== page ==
Many have said that matter is evil and the spirit is good. The fact is, “God looked at everything he had made, and he found it very good” (Genesis 1:31). The sad fact is that Adam and Eve lost the gift of supernatural life they were created with by committing the original sin. After this, all of humanity is born without the gift of divine life. Each person is created at the moment of conception with a body and an immortal soul, but void of grace.
However, God promised us a redeemer (cf. Genesis 3:15). He also promises to put his Spirit back into us. Ezekiel prophesies, “I will sprinkle clean water upon you to cleanse you from all your impurities…I will give you a new heart and place a new spirit within you…” (36:25-26a).
“But when the fullness of time had come, God sent his Son, born of a woman…so that we might receive adoption…God sent the spirit of his Son into our hearts, crying out, ‘Abba, Father!” (Galatians 4:4-6). John’s gospel says, “And the Word became flesh and made his dwelling among us, and we saw his glory, the glory as of the Father’s only Son, full of grace and truth” (1:14). God the Son became a man, flesh and blood, body and soul, so that the sons of men might once again become sons of God. By becoming man he took on a human intellect, a human will, a human soul, and, yes, a human body.
God has thus decided, irrevocably, to save us through the instrumentality of matter. The Second Person of the Trinity from the moment of the Incarnation has a body, and it is through his body that he saves us. It is a body that he would keep after the Resurrection. Jesus says to Thomas, “Put your finger here and see my hands, and bring your hand and put it into my side…” (John 20:27). For all eternity, Christ reigns on the throne of glory with the body he assumed at the Incarnation.
During his life, Jesus made it possible for us to be saved. He did so taking into account how he made us. Some Christians say that the sacraments are not necessary for salvation, because they involve matter (e.g. water, oil, laying on of hands, other human persons) and God is just worried about saving our souls. However, God is not worried about saving souls: he is worried about saving human persons, and human persons are, by virtue of God’s creative act, a unity of soul and body.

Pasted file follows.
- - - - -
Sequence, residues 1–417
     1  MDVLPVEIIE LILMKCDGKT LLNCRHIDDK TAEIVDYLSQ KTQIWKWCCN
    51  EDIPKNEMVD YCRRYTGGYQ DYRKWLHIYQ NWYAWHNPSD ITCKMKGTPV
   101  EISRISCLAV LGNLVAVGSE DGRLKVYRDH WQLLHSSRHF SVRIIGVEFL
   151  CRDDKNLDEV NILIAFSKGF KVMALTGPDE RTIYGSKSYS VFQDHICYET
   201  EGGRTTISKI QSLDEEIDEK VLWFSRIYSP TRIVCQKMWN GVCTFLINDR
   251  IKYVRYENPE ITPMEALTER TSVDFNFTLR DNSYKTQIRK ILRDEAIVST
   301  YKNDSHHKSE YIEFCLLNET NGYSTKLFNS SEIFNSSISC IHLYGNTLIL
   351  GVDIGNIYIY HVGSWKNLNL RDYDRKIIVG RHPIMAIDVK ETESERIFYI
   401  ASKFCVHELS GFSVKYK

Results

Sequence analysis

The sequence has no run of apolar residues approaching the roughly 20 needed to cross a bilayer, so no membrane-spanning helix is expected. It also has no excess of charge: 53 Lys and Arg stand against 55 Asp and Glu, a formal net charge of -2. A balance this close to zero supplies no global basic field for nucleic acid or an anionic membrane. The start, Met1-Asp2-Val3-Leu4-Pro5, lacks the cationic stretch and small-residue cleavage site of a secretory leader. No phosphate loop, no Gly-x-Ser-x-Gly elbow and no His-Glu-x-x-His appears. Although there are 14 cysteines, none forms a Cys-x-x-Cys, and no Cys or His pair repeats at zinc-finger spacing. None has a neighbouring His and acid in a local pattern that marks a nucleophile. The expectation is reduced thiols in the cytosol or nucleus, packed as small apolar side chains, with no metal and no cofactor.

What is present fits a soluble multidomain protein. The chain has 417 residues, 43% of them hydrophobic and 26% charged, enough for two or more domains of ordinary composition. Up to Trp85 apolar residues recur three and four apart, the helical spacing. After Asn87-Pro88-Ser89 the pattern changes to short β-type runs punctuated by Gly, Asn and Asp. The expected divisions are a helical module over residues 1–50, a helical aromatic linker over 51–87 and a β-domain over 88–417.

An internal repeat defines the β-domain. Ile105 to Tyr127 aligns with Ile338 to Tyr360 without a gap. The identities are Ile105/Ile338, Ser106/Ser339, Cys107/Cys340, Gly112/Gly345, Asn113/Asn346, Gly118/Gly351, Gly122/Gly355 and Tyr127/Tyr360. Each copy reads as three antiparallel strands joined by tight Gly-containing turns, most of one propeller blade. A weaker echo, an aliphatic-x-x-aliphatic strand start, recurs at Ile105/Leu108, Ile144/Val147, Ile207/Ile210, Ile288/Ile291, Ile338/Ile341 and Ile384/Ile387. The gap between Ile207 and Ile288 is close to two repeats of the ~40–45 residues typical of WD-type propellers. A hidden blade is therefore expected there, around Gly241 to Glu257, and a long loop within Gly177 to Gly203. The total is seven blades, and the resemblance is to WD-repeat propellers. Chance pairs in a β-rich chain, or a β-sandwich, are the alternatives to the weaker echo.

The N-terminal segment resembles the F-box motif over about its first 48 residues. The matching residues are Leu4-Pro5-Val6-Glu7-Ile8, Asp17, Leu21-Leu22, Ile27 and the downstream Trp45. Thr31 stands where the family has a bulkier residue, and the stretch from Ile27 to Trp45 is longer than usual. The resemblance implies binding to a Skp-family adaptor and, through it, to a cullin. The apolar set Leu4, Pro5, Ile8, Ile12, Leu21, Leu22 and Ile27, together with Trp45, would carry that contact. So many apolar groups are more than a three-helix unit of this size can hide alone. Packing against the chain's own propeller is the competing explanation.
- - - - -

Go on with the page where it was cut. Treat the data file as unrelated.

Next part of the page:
God created us through spirit and matter; it is not a stretch to believe he has redeemed us through both. To lend support to this, we must recognize that Christ, during his earthly life used matter to communicate the spiritual. Consider the woman who touched the hem of his garment, the blind man who was healed through spit, and the laying on of hands. Another man who was blind was cured through spit mixed with dirt, and then only after he washed his eyes with water could he see. He healed lepers by touching them. He raised Jairus’ daughter from the dead by taking her hand and speaking to her. We even see the disciples doing similar things. Jesus sends them out two-by-two and they cast out demons and heal the sick through anointing with oil.
God seeks to heal and redeem us through spirit and matter. Jesus says, “Amen, amen, I say to you, no one can enter the Kingdom of God without being born of water and Spirit” (John 3:5). Jesus commands the apostles to go therefore and baptize (cf. Matthew 28:19). The apostles also give the Holy Spirit through the laying on of hands to those who have already been baptized, thus administering the sacrament of confirmation (cf. Acts 8:14-17).